Two leading female scientists awarded prestigious Westpac Research Fellowship.
Today the Westpac Scholars Trust announced its 2019 Westpac Research Fellows, recognising two of Australia’s most promising researchers – Dr Jacq Romero and Dr Meru Sheel – who will receive $1 million in combined funding over three years to advance their innovative research.
With data privacy at the heart of realising the potential of our increasingly digital world, quantum physicist and mother of three, Dr Jacq Romero from The University of Queensland believes the key to data security could lie in a ‘quantum alphabet’ made, not out of letters, but from different shapes of light.
Dr Romero is an expert in encoding messages using the alphabet based on the shapes of “photons” – the quantum particles of light. She believes quantum communications using this technology could allow us to transmit information with unprecedented security. She will now have the opportunity to explore this further through the Westpac Research Fellowship.
“In practice, quantum communication is far from widespread adoption, my project aims to narrow theoretical and experimental gaps.”
Global health researcher, Dr Meru Sheel from The Australian National University describes herself as a ‘disease detective’. She plans to use her Westpac Research Fellowship to develop an evidence-based approach to strengthening our operational response to outbreaks in Australia and the Asia-Pacific as part of Australia’s health security commitment.
“Some countries in the Asia-Pacific region are prone to natural disasters and disease outbreaks,” said Dr Sheel.
“These emergencies often have greater impact in settings with limited resources, vulnerable public health systems and high population density, where I believe there is an opportunity for greater coordination and collaborative leadership between key partners, responders and multi-lateral agencies. I plan to use my Fellowship to explore this.”
According to Susan Bannigan, CEO of the Westpac Scholars Trust: “Dr Romero and Dr Sheel are true visionaries. They combine innovative research with the ability, drive and passion to actively influence positive change for the future growth and prosperity Australia.”
“Partnering with The Australian National University and The University of Queensland to support these extraordinary women increases their potential to succeed. The networks and development opportunities they will receive in addition to the funding is what separates this fellowship from others.”
The Westpac Research Fellowship is co-funded in partnership with the researchers’ respective universities, The Australian National University and The University of Queensland.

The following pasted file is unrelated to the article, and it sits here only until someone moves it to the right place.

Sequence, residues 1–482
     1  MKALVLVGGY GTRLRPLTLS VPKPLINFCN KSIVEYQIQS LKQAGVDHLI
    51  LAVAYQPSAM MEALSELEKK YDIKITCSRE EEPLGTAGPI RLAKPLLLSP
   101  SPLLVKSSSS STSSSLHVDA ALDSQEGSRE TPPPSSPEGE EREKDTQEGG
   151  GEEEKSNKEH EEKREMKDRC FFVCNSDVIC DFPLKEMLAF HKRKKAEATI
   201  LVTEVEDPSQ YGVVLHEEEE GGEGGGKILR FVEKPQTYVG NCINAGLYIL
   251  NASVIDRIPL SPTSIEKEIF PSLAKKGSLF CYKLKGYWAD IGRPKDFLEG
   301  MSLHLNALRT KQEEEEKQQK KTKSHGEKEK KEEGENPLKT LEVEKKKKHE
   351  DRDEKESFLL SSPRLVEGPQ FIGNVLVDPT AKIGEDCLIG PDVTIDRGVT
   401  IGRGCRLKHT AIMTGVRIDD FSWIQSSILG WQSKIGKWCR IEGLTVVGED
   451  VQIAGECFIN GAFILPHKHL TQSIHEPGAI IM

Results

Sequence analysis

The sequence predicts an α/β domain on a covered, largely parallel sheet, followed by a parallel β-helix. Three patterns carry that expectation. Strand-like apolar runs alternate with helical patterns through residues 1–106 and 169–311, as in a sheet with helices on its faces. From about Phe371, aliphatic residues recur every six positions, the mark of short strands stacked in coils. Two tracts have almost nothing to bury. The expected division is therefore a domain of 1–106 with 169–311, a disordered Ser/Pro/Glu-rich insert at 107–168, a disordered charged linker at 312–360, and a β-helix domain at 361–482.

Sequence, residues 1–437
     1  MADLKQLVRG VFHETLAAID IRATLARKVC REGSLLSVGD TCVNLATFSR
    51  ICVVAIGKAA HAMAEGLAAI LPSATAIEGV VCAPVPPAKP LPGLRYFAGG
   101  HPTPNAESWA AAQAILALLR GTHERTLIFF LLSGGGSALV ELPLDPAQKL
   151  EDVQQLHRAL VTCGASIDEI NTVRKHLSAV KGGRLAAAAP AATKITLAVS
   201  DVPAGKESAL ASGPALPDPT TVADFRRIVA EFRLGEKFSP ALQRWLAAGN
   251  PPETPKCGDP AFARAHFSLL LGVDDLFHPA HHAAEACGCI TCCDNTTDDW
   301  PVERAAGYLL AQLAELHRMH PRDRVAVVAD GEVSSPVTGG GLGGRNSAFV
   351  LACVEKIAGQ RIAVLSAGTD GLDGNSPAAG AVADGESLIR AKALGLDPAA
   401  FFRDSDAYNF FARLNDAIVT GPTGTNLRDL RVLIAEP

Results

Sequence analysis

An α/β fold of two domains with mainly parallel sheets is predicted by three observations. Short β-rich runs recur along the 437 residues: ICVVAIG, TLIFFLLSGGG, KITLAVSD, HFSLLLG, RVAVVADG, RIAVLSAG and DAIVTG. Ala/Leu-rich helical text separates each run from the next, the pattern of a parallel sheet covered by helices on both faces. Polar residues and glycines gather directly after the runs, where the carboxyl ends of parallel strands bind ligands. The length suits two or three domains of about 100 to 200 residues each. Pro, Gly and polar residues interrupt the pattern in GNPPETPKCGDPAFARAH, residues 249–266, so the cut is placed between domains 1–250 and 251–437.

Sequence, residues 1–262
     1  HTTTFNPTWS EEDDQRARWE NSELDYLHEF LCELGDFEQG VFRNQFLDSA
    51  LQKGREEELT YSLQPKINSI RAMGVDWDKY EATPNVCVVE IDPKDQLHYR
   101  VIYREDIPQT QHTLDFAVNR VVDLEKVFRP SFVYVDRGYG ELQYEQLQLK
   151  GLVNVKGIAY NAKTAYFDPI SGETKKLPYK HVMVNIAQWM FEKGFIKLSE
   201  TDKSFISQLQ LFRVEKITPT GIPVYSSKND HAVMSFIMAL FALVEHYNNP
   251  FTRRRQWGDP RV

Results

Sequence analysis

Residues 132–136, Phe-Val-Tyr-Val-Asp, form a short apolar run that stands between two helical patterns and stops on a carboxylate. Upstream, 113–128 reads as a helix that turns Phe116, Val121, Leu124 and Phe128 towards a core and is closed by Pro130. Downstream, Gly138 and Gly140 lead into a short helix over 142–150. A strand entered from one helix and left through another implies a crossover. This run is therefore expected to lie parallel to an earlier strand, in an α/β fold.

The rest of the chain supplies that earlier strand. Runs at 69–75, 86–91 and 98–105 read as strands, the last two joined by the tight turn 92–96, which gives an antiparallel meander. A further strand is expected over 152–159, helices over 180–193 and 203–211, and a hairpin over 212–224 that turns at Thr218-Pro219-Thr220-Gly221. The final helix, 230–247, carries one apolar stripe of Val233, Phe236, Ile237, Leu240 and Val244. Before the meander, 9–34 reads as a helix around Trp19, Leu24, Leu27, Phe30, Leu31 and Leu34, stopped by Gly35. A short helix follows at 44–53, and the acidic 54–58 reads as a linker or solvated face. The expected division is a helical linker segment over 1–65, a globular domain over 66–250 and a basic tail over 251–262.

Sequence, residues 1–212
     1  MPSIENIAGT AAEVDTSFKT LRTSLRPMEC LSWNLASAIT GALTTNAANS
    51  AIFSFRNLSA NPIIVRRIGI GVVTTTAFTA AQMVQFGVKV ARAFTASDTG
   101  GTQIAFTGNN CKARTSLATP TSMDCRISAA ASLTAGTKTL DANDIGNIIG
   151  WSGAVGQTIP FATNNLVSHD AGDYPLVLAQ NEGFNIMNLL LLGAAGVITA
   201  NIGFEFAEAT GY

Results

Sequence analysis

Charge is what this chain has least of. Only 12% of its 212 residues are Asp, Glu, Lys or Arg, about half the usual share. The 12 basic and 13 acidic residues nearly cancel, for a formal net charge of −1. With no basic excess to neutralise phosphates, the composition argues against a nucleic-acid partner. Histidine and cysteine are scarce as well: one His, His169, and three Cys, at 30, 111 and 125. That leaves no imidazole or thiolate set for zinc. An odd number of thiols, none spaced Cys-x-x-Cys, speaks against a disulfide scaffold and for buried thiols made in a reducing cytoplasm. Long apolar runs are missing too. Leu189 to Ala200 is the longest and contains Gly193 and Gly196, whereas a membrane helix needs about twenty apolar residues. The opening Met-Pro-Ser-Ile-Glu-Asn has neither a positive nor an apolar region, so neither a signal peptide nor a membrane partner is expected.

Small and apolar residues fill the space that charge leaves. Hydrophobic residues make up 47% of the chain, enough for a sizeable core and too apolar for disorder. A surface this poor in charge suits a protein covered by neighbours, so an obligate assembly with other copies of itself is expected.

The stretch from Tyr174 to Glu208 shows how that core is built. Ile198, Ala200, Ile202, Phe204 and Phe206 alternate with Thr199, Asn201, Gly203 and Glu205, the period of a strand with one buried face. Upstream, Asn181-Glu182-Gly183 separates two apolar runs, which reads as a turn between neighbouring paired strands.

University of Queensland Vice-Chancellor and President Professor Peter Høj AC said collaborative partnerships enhanced the University’s capacity to deliver globally significant solutions.
“The University is proud to partner with the Westpac Scholars Trust to help outstanding early career researchers such as Dr Romero to realise their full potential,” Professor Høj said.
“We’re excited to see where the Westpac Research Fellowship will take Jacqui and her already outstanding research.”
Both Dr Romero and Dr Sheel are strong advocates for greater diversity in science and are committed to seeing the research sector evolve to provide greater opportunities for women in leadership positions, including primary carers.
“I’m very aware of the challenges facing minority groups in science – I am Filipino, female, and a mum raising three young children. Receiving this level of support from the Westpac Scholars Trust is invaluable. In addition to my research, I am passionate about creating an academic environment that is friendly for scientist mothers like me,” said Dr Romero.
ANU Deputy Vice-Chancellor (Research and Innovation) Professor Keith Nugent said the University’s partnership with the Westpac Scholars Trust is highly valued and has provided significant opportunities for many researchers to address Australia’s greatest challenges.
“The uniqueness of the networks and professional development included in the Westpac Research Fellowship, makes it incredibly valuable to early career researchers.” Professor Nugent said. “On behalf of ANU, congratulations to Dr Sheel on receiving this Fellowship against a highly competitive field.”
Beyond the financial investment of the scholarship, the Westpac Research Fellows gain lifelong access to the Westpac 100 Scholars Network. Growing by 100 scholars a year across the Westpac Scholars Trust’s five scholarship programs, the network connects a community of people from all walks of life with the ideas and drive to help shape a better future for all Australians.
“The Westpac 100 Scholars Network is proving to be a powerful differentiator for our Scholarship Program. With lifelong access to professional development and unlimited networking opportunities, scholars have the power to transform big ideas into real solutions,” continues Susan.